"Honestly, I had the perception that crack babies were born messed up, that they went through their life having problems," said Jeff, who was a B student in high school, played sports and has worked part time since he was 14. He works at Starbucks and attends Howard Community College, aiming for a degree in accounting. "I don't see other kids doing things that I don't see myself capable of doing."

Researchers say the hysteria that surrounded crack-exposed babies teaches lessons on how to deal with the increasing number of children being born with prenatal exposure to methamphetamine. "We think everyone has learned from looking at the cocaine-exposed kids not to get in an uproar before we have data," said Nicolette Borek of the National Institute on Drug Abuse, which oversees 15 studies of children exposed to cocaine before birth.

Many of those babies were born prematurely, with low birth weights and unusually small heads, but overall, they are "doing a lot better than we thought," she said. "One of the messages of this is really how resilient children are and the brain is. Your exposure does not doom you."

Blaming no one

Ryan remembers the foster home where he lived when he met the two women who eventually adopted him -- Linda Kaufman and Melinda Reed -- as a place where the other children took half his Legos and tore his book, where beatings were doled out regularly.

"It was bad," said Ryan, 22. "If I had stayed there, I would definitely have had a lot more anger problems than I already do. For the longest time, I didn't let anyone touch me, and I definitely didn't put up with people."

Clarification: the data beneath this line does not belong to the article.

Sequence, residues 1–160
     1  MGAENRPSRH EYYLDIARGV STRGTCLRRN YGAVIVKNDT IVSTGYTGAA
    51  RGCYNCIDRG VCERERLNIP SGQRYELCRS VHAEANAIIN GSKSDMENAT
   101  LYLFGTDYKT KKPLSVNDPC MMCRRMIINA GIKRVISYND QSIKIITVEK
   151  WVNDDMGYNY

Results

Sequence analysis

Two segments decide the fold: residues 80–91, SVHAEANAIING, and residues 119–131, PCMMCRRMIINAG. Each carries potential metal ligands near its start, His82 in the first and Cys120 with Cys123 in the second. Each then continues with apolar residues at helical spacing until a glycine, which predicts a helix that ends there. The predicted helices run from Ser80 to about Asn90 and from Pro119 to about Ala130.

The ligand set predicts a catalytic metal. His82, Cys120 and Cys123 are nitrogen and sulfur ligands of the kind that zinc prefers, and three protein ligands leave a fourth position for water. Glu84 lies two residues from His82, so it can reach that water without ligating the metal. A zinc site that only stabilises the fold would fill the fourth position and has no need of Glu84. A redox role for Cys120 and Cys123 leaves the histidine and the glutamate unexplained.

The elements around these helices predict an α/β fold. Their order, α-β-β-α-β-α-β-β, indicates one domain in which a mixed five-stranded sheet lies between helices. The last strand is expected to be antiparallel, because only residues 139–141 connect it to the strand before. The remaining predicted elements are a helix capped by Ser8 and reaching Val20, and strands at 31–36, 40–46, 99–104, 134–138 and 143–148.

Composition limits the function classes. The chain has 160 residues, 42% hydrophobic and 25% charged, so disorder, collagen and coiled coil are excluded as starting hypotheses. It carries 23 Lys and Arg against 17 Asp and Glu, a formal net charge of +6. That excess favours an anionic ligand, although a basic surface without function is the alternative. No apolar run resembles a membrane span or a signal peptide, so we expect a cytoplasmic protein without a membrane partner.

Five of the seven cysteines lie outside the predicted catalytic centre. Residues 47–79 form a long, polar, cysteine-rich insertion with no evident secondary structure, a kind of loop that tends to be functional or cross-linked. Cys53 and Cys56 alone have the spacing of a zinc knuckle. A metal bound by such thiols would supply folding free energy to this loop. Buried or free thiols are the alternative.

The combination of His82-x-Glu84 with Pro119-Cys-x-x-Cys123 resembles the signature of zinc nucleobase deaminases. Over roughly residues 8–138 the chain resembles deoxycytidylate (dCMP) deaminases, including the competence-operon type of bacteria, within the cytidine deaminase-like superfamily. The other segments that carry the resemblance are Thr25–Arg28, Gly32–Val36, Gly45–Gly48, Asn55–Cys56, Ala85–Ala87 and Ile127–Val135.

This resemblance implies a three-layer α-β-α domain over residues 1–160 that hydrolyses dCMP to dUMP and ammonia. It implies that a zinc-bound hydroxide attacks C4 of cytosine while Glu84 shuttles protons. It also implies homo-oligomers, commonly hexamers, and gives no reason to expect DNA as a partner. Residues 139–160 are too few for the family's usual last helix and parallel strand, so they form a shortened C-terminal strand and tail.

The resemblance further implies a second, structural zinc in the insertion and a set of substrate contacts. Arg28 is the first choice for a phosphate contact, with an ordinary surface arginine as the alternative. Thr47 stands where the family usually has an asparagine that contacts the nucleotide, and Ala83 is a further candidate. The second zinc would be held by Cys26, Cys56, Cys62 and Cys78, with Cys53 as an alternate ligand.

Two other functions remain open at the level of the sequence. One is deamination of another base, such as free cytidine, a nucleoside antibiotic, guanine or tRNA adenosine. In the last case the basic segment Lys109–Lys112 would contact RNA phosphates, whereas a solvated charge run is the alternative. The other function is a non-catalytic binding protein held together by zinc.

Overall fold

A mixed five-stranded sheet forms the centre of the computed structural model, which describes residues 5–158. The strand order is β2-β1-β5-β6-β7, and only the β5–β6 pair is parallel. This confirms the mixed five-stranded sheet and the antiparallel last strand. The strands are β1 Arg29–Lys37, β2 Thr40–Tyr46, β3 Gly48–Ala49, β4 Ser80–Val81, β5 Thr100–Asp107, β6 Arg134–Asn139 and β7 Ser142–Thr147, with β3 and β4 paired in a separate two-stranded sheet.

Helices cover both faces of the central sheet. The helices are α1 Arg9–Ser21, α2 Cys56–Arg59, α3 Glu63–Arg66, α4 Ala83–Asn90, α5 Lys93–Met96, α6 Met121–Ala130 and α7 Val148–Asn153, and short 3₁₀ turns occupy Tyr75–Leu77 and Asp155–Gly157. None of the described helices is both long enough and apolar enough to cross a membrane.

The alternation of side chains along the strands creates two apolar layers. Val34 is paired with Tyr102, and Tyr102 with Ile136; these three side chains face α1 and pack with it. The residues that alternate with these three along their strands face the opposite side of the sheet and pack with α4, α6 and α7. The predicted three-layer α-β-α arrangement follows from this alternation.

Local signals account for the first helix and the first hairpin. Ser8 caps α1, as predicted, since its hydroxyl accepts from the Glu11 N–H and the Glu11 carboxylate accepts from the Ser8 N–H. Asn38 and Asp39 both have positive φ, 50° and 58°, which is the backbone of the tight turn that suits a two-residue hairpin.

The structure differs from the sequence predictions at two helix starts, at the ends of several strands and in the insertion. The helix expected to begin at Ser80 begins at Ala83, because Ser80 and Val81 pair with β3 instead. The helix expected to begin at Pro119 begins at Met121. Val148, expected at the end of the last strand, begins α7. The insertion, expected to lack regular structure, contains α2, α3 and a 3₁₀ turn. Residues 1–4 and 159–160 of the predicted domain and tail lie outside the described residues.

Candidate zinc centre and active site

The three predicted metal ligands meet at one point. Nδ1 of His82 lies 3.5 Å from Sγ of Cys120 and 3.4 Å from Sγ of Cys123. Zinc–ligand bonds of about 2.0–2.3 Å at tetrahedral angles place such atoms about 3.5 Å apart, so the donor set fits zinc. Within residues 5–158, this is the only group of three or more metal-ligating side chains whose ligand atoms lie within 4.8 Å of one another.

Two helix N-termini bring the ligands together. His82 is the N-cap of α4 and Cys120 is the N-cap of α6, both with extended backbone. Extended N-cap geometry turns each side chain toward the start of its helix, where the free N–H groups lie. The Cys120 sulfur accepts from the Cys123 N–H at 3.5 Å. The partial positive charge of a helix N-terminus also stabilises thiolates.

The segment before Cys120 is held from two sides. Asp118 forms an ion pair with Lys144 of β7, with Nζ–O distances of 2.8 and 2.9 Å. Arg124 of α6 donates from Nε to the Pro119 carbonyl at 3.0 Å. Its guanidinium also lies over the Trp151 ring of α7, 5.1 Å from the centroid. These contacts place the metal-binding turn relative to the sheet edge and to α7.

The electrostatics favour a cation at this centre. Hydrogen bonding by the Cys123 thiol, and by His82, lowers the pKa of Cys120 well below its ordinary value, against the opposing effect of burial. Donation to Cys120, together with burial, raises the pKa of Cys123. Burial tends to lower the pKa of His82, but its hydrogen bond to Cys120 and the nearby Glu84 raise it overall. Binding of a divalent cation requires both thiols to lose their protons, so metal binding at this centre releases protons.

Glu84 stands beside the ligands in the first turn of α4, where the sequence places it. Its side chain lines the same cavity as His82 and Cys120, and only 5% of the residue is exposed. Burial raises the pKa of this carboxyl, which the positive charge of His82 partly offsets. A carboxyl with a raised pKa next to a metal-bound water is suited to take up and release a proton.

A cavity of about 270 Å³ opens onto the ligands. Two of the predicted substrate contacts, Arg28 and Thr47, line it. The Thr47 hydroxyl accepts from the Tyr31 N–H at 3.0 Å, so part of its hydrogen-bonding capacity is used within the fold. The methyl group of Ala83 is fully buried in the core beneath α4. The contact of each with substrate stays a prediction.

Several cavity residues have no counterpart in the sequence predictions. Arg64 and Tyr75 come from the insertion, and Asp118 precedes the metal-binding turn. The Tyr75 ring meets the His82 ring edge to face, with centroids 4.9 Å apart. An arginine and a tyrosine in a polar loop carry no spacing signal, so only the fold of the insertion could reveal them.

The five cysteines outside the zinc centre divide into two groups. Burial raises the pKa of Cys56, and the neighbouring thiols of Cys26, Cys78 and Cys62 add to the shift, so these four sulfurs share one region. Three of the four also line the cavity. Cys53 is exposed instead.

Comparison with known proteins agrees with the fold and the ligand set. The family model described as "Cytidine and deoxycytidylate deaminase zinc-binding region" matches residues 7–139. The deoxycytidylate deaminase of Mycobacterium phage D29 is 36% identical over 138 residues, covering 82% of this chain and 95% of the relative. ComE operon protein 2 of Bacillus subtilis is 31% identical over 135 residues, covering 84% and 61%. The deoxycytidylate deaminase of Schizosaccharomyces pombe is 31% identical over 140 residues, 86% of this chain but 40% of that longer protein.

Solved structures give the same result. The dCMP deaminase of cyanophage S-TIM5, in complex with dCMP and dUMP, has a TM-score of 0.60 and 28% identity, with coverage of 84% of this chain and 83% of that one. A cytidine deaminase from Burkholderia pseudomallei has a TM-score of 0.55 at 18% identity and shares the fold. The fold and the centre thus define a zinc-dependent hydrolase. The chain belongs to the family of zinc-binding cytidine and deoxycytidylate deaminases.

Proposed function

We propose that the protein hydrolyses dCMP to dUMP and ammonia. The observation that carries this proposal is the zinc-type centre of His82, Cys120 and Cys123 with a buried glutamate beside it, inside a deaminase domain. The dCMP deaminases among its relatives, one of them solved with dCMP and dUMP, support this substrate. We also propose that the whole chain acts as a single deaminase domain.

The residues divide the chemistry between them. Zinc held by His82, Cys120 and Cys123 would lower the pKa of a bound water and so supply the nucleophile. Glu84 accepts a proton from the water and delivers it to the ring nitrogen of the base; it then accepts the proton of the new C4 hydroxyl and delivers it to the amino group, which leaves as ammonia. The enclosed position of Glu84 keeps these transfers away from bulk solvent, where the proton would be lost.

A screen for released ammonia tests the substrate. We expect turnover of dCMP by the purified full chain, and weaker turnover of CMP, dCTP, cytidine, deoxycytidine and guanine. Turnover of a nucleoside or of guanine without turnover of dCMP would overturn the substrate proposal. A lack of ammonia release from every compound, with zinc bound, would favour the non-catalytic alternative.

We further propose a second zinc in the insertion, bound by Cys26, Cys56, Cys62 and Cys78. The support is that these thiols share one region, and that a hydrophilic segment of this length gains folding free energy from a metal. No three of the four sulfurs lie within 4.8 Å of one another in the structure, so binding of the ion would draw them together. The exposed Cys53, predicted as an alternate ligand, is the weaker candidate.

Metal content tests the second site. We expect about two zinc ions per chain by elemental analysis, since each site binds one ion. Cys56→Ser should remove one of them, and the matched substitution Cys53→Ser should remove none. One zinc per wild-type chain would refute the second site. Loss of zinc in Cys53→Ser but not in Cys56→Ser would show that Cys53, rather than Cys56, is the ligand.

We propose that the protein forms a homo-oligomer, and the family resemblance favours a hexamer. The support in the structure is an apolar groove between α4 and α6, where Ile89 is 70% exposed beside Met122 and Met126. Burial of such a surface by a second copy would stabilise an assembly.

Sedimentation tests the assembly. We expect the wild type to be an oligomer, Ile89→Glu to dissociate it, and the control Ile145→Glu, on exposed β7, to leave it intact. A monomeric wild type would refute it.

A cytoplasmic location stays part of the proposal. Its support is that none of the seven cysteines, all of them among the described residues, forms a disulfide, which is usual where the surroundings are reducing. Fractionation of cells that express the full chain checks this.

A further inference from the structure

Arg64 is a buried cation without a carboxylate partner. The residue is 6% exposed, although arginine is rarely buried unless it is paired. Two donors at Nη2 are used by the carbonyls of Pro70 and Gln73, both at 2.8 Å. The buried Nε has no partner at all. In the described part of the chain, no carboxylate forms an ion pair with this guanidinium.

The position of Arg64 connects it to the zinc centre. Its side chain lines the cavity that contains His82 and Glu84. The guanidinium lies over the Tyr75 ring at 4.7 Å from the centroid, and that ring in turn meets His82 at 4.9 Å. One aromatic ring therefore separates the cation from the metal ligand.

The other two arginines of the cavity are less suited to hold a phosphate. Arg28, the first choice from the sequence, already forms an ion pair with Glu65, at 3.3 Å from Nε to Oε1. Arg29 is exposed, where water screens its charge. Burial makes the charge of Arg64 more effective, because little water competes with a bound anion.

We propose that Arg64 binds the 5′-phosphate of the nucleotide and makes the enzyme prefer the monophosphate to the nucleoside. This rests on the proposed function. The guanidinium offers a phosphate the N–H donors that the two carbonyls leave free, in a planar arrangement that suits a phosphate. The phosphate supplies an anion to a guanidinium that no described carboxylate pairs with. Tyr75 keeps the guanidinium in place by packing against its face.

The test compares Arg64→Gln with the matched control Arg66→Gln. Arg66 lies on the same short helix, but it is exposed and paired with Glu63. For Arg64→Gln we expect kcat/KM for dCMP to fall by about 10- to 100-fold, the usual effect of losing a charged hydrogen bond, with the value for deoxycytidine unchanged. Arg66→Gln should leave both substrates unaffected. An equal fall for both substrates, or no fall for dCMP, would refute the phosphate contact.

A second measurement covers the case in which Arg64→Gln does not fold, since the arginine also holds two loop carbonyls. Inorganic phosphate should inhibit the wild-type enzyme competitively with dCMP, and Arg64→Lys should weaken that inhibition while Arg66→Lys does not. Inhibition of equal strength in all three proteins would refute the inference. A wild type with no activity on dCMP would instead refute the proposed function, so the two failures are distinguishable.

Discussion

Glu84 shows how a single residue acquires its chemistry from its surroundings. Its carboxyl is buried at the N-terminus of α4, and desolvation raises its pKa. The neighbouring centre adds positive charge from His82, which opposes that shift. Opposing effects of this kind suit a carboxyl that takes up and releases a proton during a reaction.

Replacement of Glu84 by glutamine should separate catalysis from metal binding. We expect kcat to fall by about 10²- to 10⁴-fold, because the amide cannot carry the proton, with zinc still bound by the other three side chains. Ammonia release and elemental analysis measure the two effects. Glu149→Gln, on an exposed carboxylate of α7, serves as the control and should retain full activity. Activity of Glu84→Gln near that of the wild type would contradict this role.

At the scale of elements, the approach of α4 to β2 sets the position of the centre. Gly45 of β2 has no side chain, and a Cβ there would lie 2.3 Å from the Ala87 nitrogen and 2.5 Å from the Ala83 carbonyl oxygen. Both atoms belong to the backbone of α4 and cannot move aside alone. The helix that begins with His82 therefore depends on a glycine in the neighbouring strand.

When the women met Ryan, they were struck by a cute child trying hard to be perfect. They had been told his history: born at Washington Hospital Center with crack and heroin in his system, taken into city custody at 11 months with a fractured skull, in and out of several foster homes.

They were handed photos of other children but quickly decided on Ryan. "I just saw some light, a different kind of light in his eyes," Reed said. His new parents read Ryan bedtime stories, baked cookies, made snow angels.

Ryan, whose ADHD was diagnosed early on, jumped off a table and kicked a teacher in nursery school. As a teenager, "if he wanted something and didn't get it, he'd explode," Kaufman said. As an adult, he's been in trouble with the law and is serving time in Arlington County's detention center on charges of grand larceny, driving under the influence and assaulting a police officer.

"You hope and you pray and you say, 'I love you' a lot," Kaufman said. But she sometimes questioned whether her parenting skills were good enough to counter his rough start.

Even in jail, the charm of that 4-year-old playing with Legos comes through. He's handsome, sharing the high cheekbones and almond eyes of his biological mother, whom he last saw when he was a toddler. At 18, he had her name tattooed over his heart, and he keeps her prom picture with him. He doesn't resent her. "She gave me life," he said.

He acknowledges his mistakes and doesn't blame anyone or anything else -- not his biological mother's drug use, not his years in foster homes, not his adoptive mothers, whom he didn't always agree with but said had his best interests in mind. He said he alone is responsible for his decision to drink, an addiction he's being treated for.

Ryan has worked two jobs since he was old enough to get one. And when he is released in five months, he plans to become certified in heating and air conditioning repair. Eventually, he wants to open a clothing shop.

"I wouldn't change anything about myself," Ryan said. "I wouldn't change anything about my past. I wouldn't even change me sitting in jail right now. They all made me who I am."

He's confident that he'll find success, which he recently told his adoptive parents wouldn't have been a possibility if they hadn't taken him home.

"I really think if I stayed in that situation," Ryan said, "I most likely wouldn't have cared if I lived or died."

Staff researcher Meg Smith contributed to this report.